In general, the Illinois Act attempts to regulate, in accord with federal standards, the erection and maintenance of outdoor advertising signs, displays, and devices in areas adjacent to interstate and primary highways, to the end that the natural beauty of the highways will be preserved. Ill. Rev.Stat. ch. 121, § 501 (1973). Like other states, Illinois regulates outdoor advertising through a system of permits. Section 508 requires that within 90 days of the effective date of the Act, signs subject to regulation under the Act were to be registered with the Illinois Department of Transportation on forms provided by the agency. Each sign was subject to a registration fee of $5. New signs were subject to the same requirements, except that a permit had to be obtained before the sign could be erected.

Since the strict requirements of the Act rendered many lawfully erected signs illegal, the Act provides:

§ 509. Enforcement of ActCompensation for removal of signs.
In order to obtain compliance with this Act, the Department may after July 1, 1973 acquire property and other rights by purchase, gift, condemnation or otherwise. Just compensation shall be paid for the removal of signs lawfully erected or lawfully in existence but not permitted to be maintained under this Act.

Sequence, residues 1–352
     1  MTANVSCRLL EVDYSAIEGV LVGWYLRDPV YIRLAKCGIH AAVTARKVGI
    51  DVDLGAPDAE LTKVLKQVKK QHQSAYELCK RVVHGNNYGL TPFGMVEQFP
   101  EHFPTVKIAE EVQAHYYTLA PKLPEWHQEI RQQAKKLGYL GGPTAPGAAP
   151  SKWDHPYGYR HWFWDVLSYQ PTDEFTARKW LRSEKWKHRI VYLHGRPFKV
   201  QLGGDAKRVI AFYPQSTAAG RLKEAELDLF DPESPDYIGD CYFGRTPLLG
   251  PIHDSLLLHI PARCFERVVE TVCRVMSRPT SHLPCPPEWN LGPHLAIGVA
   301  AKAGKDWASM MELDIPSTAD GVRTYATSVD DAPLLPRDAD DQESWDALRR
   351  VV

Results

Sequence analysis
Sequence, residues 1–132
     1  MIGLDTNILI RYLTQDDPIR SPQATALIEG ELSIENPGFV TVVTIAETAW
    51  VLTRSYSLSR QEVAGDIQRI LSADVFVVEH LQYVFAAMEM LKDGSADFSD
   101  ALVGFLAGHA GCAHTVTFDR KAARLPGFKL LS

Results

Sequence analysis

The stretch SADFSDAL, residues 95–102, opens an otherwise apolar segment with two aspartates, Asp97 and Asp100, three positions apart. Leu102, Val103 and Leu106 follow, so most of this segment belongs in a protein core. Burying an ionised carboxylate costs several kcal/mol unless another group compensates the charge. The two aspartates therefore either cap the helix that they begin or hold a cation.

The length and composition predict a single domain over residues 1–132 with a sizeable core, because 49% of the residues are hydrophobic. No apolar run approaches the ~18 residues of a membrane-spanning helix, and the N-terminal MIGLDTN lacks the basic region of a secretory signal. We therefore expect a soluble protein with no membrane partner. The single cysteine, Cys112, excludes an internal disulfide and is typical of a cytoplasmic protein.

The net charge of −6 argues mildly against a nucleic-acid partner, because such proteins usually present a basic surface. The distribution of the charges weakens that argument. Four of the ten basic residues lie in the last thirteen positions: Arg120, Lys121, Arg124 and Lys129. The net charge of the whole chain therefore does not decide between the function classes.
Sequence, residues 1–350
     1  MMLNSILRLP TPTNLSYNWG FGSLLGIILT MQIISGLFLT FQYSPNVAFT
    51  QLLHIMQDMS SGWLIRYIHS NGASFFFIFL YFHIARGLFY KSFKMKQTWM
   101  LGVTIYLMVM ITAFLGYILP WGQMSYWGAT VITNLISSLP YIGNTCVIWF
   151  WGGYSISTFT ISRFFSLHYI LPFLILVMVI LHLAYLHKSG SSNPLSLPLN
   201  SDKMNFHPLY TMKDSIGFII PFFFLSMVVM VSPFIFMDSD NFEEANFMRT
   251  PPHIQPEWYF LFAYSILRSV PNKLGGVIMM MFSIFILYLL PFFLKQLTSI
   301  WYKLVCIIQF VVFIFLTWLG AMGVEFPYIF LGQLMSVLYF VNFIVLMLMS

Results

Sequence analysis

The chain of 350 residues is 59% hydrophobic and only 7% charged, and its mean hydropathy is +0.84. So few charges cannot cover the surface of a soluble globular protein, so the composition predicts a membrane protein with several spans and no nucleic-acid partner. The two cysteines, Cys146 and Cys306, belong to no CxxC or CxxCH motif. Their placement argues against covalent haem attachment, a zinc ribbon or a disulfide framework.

This provision is consistent with the mandate of Section 131(g) of the Federal Act, which provides:

(g) Just compensation shall be paid upon the removal of any outdoor advertising sign, display, or device lawfully erected under State law. The Federal share of such compensation shall be paid for the following:
(A) The taking from the owner of such sign, display, or device of all right, title, leasehold and interest in such sign, display, or device; and
(B) The taking from the owner of the real property on which the sign, display, or device is located, of the right to erect and maintain such signs, displays, and devices thereon.

Although the Illinois Act, consistent with the federal Act, provides for just compensation, certain classes of signs are declared unlawful and a nuisance and subject to removal without compensation. More specifically, Section 510 of the Act provides that the following signs are unlawful and a public nuisance: